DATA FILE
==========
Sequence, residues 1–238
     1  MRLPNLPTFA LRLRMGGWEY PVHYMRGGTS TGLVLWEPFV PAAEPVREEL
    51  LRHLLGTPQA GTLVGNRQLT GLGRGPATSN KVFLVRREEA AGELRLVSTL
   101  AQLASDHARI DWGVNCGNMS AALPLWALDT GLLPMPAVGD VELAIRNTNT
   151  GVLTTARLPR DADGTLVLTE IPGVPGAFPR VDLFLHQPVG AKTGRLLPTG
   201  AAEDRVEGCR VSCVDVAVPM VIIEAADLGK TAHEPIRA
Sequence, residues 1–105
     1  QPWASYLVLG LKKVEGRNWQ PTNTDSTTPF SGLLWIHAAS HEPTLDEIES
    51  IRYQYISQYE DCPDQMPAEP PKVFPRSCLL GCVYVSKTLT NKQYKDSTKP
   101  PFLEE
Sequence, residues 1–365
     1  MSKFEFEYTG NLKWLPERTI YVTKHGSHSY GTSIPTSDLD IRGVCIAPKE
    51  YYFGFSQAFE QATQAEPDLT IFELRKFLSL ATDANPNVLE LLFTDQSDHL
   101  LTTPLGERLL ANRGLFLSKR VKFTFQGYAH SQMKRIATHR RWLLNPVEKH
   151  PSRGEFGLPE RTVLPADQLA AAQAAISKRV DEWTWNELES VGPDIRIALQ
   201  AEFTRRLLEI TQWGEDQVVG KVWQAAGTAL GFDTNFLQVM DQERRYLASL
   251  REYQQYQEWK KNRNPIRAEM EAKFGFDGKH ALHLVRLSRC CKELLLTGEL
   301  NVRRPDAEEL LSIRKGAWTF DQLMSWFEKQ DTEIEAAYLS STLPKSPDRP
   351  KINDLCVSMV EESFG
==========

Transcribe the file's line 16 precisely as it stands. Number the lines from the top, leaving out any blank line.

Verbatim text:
   201  AEFTRRLLEI TQWGEDQVVG KVWQAAGTAL GFDTNFLQVM DQERRYLASL